Africa’s growth has made headlines in recent years. Today, 15 African countries have GDPs of over US$50bn, up from just six in 2000.
According to Rory Ord, head of private equity at South African-based RisCura, once investors understand the potential for returns in Africa, “their first port of call over a number of years has been to invest in listed equities”.
“And they have been pretty well rewarded from that. African listed markets were hit quite hard at the time of the global financial crisis, similarly to markets in other parts of the world. But since then there has been a really strong improvement, a really strong pick up and rebound that happened.”
Ord is also one of the contributors to RisCura’s recently released Bright Africa 2014 report, aimed at helping investors understand whether Africa has a place in their portfolios, and how and where to access the continent’s investment opportunities.
The report highlights some important points about Africa’s stock exchanges that every investor should take note of.
1. African stock markets are at various stages of development
While investors in listed equities in Africa have generally seen good returns on their investments in recent years, African exchanges are still at various stages of development. To gain a better understanding of how the continent’s stock markets compare, RisCura has scored African exchanges alongside those of fellow developing countries within the MINT and BRICS groupings.
South Africa’s Johannesburg Stock Exchange (JSE) by far outweighs others on the continent. In fact, the World Economic Forum’s Global Competitiveness Report ranks the JSE as the best governed exchange in the world for the fourth year running.
|Quality of |
|A||South Africa||South Africa|
|B||Brazil, India, China|
|E||Nigeria, Tunisia, Kenya||Nigeria|
|F||Zimbabwe, Namibia, Zambia, Botswana, Ghana|
|G||Sudan, Tanzania, Uganda, Cape Verde, BRVM, Malawi, |
Rwanda, Cameroon, Sierra Leone, Mozambique
The JSE is the only stock market in Africa that ranks in category A, outscoring the BRICS and MINT exchanges. This is due to good liquidity and market capitalisation, as well as high scores on regulation and openness to foreign ownership.
After the JSE, Egypt’s exchange ranks second best in Africa, and holds the second highest number of listings. Exchanges in Morocco and Mauritius are ranked in third and fourth positions respectively, behind the non-African BRICS and MINT countries.
While Nigeria has the largest GDP in Africa, its exchange is listed lower on the rankings (along with Kenya’s and Tunisia’s) due to its relatively poorer liquidity, regulation and operational efficiency compared to global standards. However, Ord notes that liquidity does vary by share.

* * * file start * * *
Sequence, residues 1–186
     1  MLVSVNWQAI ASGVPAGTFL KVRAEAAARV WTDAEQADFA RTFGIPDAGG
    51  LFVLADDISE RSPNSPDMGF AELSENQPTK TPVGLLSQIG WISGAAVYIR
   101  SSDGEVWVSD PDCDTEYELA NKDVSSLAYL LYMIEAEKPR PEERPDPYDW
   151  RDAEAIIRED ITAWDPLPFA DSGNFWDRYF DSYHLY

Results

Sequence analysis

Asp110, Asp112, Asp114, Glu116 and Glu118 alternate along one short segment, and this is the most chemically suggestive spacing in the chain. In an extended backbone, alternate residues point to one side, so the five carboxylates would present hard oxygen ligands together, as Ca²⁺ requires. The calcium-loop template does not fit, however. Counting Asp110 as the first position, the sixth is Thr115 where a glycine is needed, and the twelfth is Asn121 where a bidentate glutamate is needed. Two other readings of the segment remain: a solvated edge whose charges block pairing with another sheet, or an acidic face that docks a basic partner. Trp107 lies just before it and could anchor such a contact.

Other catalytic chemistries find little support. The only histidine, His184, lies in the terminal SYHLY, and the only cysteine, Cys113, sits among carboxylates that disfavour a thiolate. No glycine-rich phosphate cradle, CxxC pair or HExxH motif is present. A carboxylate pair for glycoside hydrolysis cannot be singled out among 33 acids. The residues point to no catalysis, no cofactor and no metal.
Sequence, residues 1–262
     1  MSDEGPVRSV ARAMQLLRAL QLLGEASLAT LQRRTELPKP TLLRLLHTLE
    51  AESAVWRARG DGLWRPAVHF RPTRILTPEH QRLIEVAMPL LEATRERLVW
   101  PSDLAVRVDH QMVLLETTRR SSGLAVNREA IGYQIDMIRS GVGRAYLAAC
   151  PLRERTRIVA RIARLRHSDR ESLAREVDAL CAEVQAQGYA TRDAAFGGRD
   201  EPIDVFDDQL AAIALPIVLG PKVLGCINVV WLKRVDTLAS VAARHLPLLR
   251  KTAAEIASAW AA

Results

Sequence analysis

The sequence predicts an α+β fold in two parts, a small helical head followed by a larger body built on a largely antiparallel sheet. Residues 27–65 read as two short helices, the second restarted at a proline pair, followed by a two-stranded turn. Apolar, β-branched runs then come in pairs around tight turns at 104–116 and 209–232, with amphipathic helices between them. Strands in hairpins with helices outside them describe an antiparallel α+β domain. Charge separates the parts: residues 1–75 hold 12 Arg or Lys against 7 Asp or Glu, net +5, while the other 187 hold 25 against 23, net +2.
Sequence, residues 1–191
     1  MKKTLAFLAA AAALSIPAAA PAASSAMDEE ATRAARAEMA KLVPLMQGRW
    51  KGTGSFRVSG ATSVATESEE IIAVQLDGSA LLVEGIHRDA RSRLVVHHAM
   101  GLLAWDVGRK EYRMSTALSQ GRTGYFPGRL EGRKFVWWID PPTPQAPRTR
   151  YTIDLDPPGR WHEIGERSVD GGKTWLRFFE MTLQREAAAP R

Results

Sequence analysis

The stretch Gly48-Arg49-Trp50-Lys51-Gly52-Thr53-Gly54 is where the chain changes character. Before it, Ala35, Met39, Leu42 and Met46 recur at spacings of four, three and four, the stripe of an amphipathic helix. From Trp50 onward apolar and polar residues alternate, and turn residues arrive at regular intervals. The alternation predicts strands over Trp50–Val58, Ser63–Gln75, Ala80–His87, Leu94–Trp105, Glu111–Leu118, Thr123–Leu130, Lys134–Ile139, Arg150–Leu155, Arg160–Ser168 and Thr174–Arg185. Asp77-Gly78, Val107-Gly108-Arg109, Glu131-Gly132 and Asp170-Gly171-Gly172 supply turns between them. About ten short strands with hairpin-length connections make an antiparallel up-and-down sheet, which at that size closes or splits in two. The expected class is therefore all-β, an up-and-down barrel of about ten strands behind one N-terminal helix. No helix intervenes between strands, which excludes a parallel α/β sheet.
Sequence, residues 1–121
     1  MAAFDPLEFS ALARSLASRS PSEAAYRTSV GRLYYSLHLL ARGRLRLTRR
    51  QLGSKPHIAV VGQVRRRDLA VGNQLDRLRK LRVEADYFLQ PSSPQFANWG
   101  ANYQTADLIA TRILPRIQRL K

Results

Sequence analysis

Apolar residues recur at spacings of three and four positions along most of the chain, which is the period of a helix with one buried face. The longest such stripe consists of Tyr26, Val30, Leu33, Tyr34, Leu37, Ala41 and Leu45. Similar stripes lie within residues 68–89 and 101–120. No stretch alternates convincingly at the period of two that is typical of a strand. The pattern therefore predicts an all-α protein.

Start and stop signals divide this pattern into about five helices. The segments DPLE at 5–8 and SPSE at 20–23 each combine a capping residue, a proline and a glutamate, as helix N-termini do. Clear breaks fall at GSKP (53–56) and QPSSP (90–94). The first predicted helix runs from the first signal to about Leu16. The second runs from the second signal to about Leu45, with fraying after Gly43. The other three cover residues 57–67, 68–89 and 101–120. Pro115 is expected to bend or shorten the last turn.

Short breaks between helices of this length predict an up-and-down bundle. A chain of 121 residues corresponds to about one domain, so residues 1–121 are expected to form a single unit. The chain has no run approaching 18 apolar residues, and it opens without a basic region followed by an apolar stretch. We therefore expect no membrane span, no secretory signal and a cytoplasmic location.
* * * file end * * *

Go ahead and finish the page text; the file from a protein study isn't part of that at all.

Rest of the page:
The exchanges in RisCura’s F and G categories commonly see significantly lower values traded and lack in areas such as ease of capital flows and openness to foreign ownership.
“To put this into context, the combined value traded for the 15 exchanges in categories F and G is approximately 0.57% of that of the JSE,” states the report.
2. Liquidity generally improving, but still a problem
According to Ord, the areas where African stock exchanges really need to develop are in the number of company listings, and the liquidity that comes with that.
“We find that in a number of exchanges, liquidity is a real problem and institutions in each particular market often take up most of what is available to invest in. It is quite difficult for outside investors in a lot of markets to actually get a significant share of those markets,” explained Ord.
However, he added that certain exchanges across the continent are seeing improvements, with increased liquidity in the more popular sectors.
RisCura’s research shows that in 2012, market capitalisation across African exchanges grew by around 15%, ahead of the Eurozone’s growth of 14% but behind the US’s 17%.
“Despite this growth, the total market capitalisation of all African exchanges reviewed still only makes up approximately 80% of what the NYSE trades in a single day,” illustrates the report.
Ord also noted that the cost of trading should be reduced alongside improvements in liquidity.
3. Financial sector stocks dominate
The concentration of African stocks are strongly focused towards banks and financial services companies. This is particularly true for Nigeria.
Furthermore, African stock markets typically are not representative of the actual economy. For example, the Nigerian stock market has an over-representation of financials on the exchange compared to the contribution this sector makes towards the Nigerian GDP.
“Oil and agriculture are the largest drivers of the Nigerian economy and, as is the case in Kenya, these sectors are poorly represented, with the tertiary sectors dominating the stock exchange,” highlights the report.
While there are some foreign oil extraction companies who have locally listed subsidiaries, representation remains small when compared to the size of the energy industry’s contribution to GDP within these African countries.